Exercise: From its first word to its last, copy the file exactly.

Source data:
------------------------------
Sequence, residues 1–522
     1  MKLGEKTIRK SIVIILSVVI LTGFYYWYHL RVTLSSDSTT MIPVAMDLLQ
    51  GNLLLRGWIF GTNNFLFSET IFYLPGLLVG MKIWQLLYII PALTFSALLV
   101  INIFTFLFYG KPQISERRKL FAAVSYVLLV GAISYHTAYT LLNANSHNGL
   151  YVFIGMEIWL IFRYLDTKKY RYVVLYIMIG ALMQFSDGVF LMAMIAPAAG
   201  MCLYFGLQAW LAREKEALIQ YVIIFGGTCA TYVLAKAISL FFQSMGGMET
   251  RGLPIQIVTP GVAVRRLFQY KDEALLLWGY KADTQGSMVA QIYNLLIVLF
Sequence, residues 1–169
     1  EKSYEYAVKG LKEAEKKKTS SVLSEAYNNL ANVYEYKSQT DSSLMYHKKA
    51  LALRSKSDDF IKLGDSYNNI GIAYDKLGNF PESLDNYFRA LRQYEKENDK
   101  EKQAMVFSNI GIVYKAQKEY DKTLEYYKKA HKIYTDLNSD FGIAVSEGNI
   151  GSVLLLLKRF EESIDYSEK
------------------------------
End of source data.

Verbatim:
Sequence, residues 1–522
     1  MKLGEKTIRK SIVIILSVVI LTGFYYWYHL RVTLSSDSTT MIPVAMDLLQ
    51  GNLLLRGWIF GTNNFLFSET IFYLPGLLVG MKIWQLLYII PALTFSALLV
   101  INIFTFLFYG KPQISERRKL FAAVSYVLLV GAISYHTAYT LLNANSHNGL
   151  YVFIGMEIWL IFRYLDTKKY RYVVLYIMIG ALMQFSDGVF LMAMIAPAAG
   201  MCLYFGLQAW LAREKEALIQ YVIIFGGTCA TYVLAKAISL FFQSMGGMET
   251  RGLPIQIVTP GVAVRRLFQY KDEALLLWGY KADTQGSMVA QIYNLLIVLF
Sequence, residues 1–169
     1  EKSYEYAVKG LKEAEKKKTS SVLSEAYNNL ANVYEYKSQT DSSLMYHKKA
    51  LALRSKSDDF IKLGDSYNNI GIAYDKLGNF PESLDNYFRA LRQYEKENDK
   101  EKQAMVFSNI GIVYKAQKEY DKTLEYYKKA HKIYTDLNSD FGIAVSEGNI
   151  GSVLLLLKRF EESIDYSEK